Defendant Dahm and a coworker at Fox Lake began auditing the files of the 385 inmates housed at the institution whose files might have been affected by the Obreicht decision. Initially, Dahm was responsible for auditing the files of the inmates whose last names began with M through Z. Dahm's coworker was also conducting audits, but had numerous absences between July and September and resigned from her position unexpectedly on September 14, leaving Dahm responsible for completing sentence computation reviews on her own.

         Defendant Dahm did not review plaintiff's file until October 9. She recalculated the sentence using the post-Obriecht administrative practice by subtracting the additional pre-sentence credit of 90 days from the ordered reconfinement period. Dahm realized that plaintiff's new release date should have been July 23, 2015. Dahm faxed plaintiff's computation records and a proofing slip to Centralized Records for review and approval. After Feltes and Dahm met with plaintiff to tell him of the decision, he was released that same day, October 9, 2015.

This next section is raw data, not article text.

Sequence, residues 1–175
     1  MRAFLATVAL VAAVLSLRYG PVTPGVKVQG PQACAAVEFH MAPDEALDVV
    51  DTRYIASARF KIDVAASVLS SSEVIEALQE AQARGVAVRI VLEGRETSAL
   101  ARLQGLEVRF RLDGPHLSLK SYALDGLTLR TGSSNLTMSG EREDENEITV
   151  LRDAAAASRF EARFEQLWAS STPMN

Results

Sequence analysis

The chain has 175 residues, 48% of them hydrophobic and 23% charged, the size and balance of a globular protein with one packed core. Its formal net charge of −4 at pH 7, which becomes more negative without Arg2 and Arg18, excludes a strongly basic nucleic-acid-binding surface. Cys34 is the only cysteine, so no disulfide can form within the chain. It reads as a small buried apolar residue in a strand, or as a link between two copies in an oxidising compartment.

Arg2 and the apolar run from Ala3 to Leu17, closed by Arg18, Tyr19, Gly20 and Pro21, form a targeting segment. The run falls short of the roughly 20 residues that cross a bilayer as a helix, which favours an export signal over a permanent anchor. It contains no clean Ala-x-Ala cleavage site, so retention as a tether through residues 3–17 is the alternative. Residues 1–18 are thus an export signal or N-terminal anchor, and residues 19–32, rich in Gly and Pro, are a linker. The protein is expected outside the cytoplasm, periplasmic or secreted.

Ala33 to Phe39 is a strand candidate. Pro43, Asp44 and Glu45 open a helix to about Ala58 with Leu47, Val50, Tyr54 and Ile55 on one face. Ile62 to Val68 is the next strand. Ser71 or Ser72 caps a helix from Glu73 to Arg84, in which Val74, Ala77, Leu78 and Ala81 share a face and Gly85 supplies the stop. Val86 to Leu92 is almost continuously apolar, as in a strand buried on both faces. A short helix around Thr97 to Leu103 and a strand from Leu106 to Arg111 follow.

“A plaintiff states a claim for an Eighth Amendment violation if he is detained in jail [or prison] for longer than he should have been due to the deliberate indifference of corrections officials.” Childress v. Walker, 787 F.3d 433, 439 (7th Cir. 2015). See also Figgs v. Dawson, 829 F.3d 895, 902-03 (7th Cir. 2016); Campbell v. Peters, 256 F.3d 695, 700 (7th Cir. 2001). However, “[d]eliberate indifference requires more than negligence or even gross negligence; a plaintiff must show that the defendant was essentially criminally reckless, that is, he ignored a known risk.” Figgs, 829 F.3d at 903; Armato v. Grounds, 766 F.3d 713, 719-20 (7th Cir. 2014). In making determinations about a prisoner's release date, a prison official's ...